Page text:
25 Nov. - 1 Dec. 1999
Issue No. 457
|Published in Cairo by AL-AHRAM established in 1875|
Philosophy of laughterBy Youssef Rakha
THE BOOK OF LAUGHTER AND REMEMBERING
In honouring the king of Egyptian comedy, this year's Film Festival has opted to close the millennium on a funny, serious note.
El-Rihani (holding a cigarette), pictured here with Abdel-Fattah El-Qusari (to his left) and Estefan Rosti (to his right), died 50 years ago, but his masterpieces of bittersweet misfortune continue to enjoy unparalleled popularity
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Never mind the tragic history of the millennium. "Laughter", the guiding principle of the 23rd round of the Cairo International Film Festival, which opened on Tuesday with a suitable degree of aplomb, supplies an equally valid conclusion to this turbulent and whimsical century.
Opening with Harold Ramis's 1999 Analyse This - a psychological comedy that deals with end-of-the-century anxiety in a hilarious way -- the last round of the festival to occur before 2000 will host a wide variety of films both in and out of the official competition, as well as a whole range of special programmes and supplementary film screenings: Brazilian cinema of the 1990s, a tribute to Fabienne Vonier on the 10th anniversary of Pyramide, three films by Spanish filmmaker Montxo Armendariz, Russian film screenings on the 75th anniversary of Mosfilm...
Arab participation in the official competition (two Egyptian films and one Algerian-Vietnamese co-production) is rightly thought to be deficient. Nonetheless, the screening of four Arab films that won the grand prix at the Institut du Monde Arabe's Film Biennale (1992 through 1998), including Lebanese filmmaker Ziyad Doueiri's West Beirut, as well as a "panorama" of contemporary Egyptian cinema, will provide an adequate counterpoint.
With a total of 20 comic features from Europe, India, Russia and the US, however, the emphasis on laughter is unmistakable. It is true that the guests of honour (Alain Delon, Catherine Deneuve, Peter O'Toole, Omar Sharif, among others) are not all comedians. Yet the festival has paid tribute to the pillars of Egyptian comedy too, including actor Fouad El-Mohandes. Moreover, the fact that it coincides with the 50th anniversary of the death of actor and director Naguib El-Rihani, Egypt's foremost "philosopher of comedy", gives the comic aspect of the event an exciting and meaningful edge.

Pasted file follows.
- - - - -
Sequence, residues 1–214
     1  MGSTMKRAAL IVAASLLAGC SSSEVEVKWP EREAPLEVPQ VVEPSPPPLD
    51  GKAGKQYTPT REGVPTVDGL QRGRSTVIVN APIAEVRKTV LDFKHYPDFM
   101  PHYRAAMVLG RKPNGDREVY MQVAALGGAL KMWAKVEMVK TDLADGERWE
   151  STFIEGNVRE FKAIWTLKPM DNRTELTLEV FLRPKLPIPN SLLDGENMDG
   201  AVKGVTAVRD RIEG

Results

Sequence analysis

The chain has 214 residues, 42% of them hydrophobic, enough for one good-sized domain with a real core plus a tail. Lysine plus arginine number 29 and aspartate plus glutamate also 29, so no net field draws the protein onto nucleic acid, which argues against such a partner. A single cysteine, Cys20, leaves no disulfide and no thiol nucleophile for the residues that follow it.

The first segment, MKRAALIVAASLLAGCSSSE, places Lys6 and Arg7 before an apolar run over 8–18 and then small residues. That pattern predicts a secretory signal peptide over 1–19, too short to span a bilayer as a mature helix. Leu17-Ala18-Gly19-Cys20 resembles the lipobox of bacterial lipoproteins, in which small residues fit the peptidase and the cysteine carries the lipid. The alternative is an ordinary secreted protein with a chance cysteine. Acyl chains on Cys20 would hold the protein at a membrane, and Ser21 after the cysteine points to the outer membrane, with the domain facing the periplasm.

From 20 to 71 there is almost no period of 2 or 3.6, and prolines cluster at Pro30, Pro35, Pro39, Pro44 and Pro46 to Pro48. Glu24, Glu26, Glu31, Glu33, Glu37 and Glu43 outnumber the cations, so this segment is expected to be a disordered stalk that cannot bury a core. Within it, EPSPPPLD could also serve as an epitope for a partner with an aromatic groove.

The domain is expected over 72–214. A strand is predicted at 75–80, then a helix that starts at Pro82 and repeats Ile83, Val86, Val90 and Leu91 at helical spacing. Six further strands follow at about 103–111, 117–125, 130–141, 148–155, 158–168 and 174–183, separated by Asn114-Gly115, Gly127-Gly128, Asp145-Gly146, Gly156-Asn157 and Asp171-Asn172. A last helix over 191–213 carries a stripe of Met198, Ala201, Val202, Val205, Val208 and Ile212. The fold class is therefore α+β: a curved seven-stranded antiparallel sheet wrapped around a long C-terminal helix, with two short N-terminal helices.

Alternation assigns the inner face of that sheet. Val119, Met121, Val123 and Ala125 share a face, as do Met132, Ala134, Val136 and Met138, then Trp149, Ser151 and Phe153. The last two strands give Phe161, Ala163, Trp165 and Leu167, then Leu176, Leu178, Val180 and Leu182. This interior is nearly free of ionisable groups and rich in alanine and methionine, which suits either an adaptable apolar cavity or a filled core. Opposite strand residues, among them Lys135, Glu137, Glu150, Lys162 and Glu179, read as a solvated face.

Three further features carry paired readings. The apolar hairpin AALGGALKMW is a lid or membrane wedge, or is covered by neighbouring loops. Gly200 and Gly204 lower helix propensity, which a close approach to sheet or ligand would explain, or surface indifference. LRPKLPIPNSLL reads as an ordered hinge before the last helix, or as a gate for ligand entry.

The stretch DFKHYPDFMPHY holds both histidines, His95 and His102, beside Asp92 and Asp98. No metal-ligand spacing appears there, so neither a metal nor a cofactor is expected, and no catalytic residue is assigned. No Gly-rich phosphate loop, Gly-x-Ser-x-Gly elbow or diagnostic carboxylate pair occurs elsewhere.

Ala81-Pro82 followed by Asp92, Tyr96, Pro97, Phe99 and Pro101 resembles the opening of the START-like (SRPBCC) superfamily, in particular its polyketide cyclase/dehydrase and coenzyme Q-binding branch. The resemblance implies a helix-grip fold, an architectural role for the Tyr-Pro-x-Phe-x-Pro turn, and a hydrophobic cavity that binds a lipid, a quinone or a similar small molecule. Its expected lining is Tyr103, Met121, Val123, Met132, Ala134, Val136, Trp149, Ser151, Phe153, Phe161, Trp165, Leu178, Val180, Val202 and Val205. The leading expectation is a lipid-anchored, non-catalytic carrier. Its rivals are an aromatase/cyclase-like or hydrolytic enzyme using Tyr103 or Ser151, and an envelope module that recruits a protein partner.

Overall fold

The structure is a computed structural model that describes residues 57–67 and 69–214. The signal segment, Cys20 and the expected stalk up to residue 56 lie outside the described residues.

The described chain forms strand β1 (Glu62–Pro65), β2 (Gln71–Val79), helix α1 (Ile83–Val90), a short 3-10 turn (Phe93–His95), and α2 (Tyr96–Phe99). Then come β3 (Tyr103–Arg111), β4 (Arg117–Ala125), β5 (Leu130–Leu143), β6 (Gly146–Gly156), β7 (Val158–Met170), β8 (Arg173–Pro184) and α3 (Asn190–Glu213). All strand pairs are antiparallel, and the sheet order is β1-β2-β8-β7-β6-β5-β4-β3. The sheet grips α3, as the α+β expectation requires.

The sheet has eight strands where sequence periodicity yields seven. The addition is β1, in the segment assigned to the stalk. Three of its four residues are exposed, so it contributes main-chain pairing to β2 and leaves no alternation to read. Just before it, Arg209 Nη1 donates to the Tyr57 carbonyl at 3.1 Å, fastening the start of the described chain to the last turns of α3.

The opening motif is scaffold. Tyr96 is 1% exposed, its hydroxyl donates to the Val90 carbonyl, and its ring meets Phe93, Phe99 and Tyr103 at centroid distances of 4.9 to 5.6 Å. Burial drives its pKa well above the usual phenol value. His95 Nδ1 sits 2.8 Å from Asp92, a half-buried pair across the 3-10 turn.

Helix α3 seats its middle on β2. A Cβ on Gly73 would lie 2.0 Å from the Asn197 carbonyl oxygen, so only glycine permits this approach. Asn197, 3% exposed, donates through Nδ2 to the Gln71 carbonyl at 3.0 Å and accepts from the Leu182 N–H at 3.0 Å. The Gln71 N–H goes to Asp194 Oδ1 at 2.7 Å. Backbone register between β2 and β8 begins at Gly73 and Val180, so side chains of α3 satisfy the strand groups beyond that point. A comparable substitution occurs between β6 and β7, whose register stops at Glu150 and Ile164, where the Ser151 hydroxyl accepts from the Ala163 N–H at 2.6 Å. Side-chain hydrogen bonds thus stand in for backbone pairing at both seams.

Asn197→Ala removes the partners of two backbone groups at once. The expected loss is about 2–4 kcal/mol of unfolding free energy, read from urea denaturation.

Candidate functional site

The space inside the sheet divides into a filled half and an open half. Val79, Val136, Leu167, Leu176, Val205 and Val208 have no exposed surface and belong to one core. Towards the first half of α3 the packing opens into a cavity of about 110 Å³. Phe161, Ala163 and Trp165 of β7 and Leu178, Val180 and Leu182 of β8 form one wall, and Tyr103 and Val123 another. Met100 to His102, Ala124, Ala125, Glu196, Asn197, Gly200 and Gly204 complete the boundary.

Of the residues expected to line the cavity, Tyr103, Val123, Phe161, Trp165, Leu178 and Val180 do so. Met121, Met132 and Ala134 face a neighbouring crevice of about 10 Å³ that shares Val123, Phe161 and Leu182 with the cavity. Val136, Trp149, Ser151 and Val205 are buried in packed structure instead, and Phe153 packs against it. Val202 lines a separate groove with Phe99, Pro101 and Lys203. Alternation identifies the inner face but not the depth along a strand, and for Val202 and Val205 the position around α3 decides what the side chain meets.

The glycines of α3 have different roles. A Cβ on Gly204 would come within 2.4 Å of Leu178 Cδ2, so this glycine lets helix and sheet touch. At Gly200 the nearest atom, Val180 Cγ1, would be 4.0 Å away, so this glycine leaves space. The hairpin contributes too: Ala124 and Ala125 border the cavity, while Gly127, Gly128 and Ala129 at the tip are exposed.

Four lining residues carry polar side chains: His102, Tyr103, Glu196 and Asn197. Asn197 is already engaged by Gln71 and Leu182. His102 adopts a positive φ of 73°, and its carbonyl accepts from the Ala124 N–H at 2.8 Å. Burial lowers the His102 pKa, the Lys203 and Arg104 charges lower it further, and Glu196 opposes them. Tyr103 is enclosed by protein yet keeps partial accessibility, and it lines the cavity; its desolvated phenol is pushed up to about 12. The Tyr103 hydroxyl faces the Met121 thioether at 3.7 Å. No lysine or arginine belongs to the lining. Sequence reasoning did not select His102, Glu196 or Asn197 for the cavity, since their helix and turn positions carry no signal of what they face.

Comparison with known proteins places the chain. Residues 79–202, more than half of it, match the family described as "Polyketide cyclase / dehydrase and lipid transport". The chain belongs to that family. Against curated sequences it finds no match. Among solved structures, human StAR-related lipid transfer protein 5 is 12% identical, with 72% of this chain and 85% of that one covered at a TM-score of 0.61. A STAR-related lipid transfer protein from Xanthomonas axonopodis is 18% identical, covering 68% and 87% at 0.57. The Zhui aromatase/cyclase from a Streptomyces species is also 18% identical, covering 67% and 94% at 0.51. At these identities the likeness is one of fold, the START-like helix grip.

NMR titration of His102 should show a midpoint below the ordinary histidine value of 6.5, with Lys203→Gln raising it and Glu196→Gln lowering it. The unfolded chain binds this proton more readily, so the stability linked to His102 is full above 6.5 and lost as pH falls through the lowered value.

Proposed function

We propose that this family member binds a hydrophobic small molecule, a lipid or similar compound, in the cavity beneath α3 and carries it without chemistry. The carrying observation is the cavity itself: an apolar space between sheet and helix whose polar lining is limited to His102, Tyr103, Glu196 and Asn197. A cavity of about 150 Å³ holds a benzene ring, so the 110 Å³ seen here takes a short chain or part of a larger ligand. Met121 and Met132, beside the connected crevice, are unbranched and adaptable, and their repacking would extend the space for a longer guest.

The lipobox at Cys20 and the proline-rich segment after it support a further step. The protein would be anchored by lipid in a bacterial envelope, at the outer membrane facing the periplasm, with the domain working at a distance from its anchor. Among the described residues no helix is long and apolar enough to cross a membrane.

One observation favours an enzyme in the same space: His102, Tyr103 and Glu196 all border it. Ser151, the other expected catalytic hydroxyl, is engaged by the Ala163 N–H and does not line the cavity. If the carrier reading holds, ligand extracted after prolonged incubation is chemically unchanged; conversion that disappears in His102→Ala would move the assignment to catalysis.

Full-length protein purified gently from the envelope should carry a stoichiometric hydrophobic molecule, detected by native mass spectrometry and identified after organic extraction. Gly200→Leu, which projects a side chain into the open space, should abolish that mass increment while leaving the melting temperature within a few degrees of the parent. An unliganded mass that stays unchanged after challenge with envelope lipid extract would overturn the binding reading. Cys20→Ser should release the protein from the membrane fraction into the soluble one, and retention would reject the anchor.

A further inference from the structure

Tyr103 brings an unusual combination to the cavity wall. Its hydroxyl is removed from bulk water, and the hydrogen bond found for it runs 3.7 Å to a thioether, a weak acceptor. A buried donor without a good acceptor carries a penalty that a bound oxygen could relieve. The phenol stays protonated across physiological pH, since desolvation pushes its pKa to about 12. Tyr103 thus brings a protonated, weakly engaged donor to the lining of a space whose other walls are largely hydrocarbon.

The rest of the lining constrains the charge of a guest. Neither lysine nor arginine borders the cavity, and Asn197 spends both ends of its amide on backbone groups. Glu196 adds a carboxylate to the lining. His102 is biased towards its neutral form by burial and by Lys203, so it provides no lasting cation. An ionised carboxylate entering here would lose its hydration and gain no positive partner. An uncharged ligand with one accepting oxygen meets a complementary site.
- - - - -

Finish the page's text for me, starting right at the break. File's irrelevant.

El-Rihani, after all, managed to utilise the comic potential of Egyptian 20th-century life to astoundingly profound effect, so much so that in his films he is still capable of making people weep and laugh in the same scene. Together with his collaborator, the dramatist, script-writer and lyricist Badi' Khayri, he is honoured as much for his comic gift as for his professional and personal integrity, his intellectual and artistic contribution to Egyptian society and politics.
Beset by controversies as to whether he was born in 1887 or 1892, in Cairo or Alexandria, and whether the Christian family into which he was born (his father was a horse trader) was of Kurdish or Syro-Lebanese extraction, El-Rihani's life -- the prickly path he trod to eventual fame and fortune -- is as tragic, funny and inexplicable as his most remarkable dramas. After his father's economic demise, followed shortly by his death, a barely adult Rihani left the Collège de la Salle, where he excelled both academically and as the animator and star of school productions, to support his family. At the bank where he worked as a clerk, though, he met another theatre enthusiast and future star who spoke French, Aziz Eid, with whom he soon abandoned his newly acquired position to devote himself to theatre. Interestingly, the first troupe he attempted to join -- George Abiad's -- specialised in tragedy. El-Rihani was dismissed almost immediately, and told that he couldn't act to save his life. Fortunately, he did not give up.
ACTING UP: ministers and stars at the opening ceremony
In 1916, he wrote his first play, in which he invented the immensely popular character of Kishkish Bey, a turn-of-the-century feudal village mayor dealing hilariously with city life.
In 1919, his newly formed troupe staged the operetta Al-Ashara Al-Tayeba (composed by Sayed Darwish and written by Badi' Khayri), a beautifully moving work openly oppositional to the British occupation. Soon he was touring the Arab world where he met his wife, Badia Masabni, later the proprietress of the landmark Casino Badia, and in 1935 acquired the Emadeddin Theatre, on whose stage he performed until the end of his life.
His plays, a number of which were later made into films, dealt with misfortune -- the hapless provincial in a hostile and precarious metropolis, the pauper-turned-king, the middle-aged teacher who falls desperately in love with his teenage student. And in all this he was boisterously witty and amusing without giving up the depth, the pathos, the human dimension of his tales.
Upon his death on 8 June 1949, the literary pioneer Taha Hussein wrote: "However much Egyptians mourn this great man... they will not have given him even a small part of what he deserves."